Population degrowth should be discussed without fear as a key issue regarding sustainability.
The overlook of overpopulation while addressing only overconsumption as the cause of unsustainability
The impact of humankind on biosphere depends not only on the high “impact per person” but also on the growing “number of persons” in the biosphere . At the present growing rate of world population (ca 220,000 persons per day) it would be necessary to reduce “impact per person” by 70% in 30 years from now to achieve sustainability (an impossible goal). However, the overpopulation issue is neglected in most efforts to make biosphere sustainable, including scientific papers, reports and recommendations by international conferences and agreements.
The overpopulation issue must be included in any analysis regarding sustainability.
The conceptual distortion created by the overvalued “green” actions
Numerous “green” actions to reduce the “impact per person” are recommended again and again by both international organizations and the media: live car free, reduce flights, switch to renewable energies, switch to a vegan diet, high investments in pollution control, recycle garbage, forbid disposable plastics, tax overpacked products, avoid waste of food, etc. The obstacle does not reside in these “green” actions to reduce the “impact per person” (many of them are really necessary) but in the illusion created in the public that sustainability can be achieved by just following them.
The public should be informed that green actions are necessary but by far not sufficient to achieve sustainability.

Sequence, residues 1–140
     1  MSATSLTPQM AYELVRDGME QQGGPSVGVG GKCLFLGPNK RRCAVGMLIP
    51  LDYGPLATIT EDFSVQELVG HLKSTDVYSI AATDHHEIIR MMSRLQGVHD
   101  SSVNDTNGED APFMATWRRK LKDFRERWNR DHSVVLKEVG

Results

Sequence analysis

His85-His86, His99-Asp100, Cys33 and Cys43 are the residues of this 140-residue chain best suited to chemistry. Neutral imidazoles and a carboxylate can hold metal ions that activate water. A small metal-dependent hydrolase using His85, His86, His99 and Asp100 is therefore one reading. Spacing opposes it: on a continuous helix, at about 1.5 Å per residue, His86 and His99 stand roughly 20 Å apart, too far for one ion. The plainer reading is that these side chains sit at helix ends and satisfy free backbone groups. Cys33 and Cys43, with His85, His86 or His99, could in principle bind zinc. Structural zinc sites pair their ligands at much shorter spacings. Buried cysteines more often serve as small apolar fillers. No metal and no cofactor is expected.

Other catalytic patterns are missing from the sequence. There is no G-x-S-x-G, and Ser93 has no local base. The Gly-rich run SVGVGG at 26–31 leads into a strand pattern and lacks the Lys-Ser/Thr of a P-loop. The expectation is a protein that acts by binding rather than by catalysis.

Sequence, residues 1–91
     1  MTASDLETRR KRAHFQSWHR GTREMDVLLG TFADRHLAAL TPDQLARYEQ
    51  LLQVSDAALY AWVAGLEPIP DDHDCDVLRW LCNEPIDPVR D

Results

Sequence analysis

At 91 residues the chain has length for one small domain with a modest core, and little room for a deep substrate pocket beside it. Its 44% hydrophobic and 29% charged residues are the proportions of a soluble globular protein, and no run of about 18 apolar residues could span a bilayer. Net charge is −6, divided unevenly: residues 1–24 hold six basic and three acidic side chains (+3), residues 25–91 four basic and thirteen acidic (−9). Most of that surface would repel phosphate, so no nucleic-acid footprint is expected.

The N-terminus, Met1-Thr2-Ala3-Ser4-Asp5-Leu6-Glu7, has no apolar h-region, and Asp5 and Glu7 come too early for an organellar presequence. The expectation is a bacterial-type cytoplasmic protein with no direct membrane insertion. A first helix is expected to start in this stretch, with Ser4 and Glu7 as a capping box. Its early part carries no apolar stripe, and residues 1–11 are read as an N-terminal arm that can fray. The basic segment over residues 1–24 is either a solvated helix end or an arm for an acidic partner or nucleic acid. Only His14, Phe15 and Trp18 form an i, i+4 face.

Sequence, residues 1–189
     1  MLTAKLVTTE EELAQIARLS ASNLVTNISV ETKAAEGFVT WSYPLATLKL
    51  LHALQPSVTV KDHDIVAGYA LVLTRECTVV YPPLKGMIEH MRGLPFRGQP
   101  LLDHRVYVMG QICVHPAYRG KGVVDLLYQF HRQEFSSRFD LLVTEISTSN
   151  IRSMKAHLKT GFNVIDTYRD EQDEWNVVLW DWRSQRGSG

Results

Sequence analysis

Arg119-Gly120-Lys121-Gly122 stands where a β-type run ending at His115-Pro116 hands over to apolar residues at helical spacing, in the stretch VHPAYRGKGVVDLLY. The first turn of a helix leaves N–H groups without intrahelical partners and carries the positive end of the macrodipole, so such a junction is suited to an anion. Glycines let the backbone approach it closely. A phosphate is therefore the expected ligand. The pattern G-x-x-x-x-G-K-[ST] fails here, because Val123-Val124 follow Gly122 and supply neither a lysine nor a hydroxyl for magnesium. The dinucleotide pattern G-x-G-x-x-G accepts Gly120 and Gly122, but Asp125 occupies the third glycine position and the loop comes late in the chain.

Techno-optimism: the blind faith in the deity “Technology” that should solve any problem
Techno-optimism is the belief that technology will solve any present or future problem that could eventually arise, an almost omnipotent solution for everything. It has been identified as a main obstacle to sustainability because it provides general public and decision-makers an escapism to ignore problems and delay decisions.
The blind faith in technology is dangerous and must be rebutted.
The conceptual distortion created by climate change
The threat of climate change has got the headlines and the sustainability attention is concentrated on reducing the emissions of greenhouse gases. In many cases this is the single issue considered when addressing sustainability. This single-issue approach is blurring other impacts which are not less destructive to biosphere: pollution, habitat destruction, exhaustion of natural resources. Seeking only for climate-change restraint results into recommended actions that are simplistic when not contra productive to biosphere.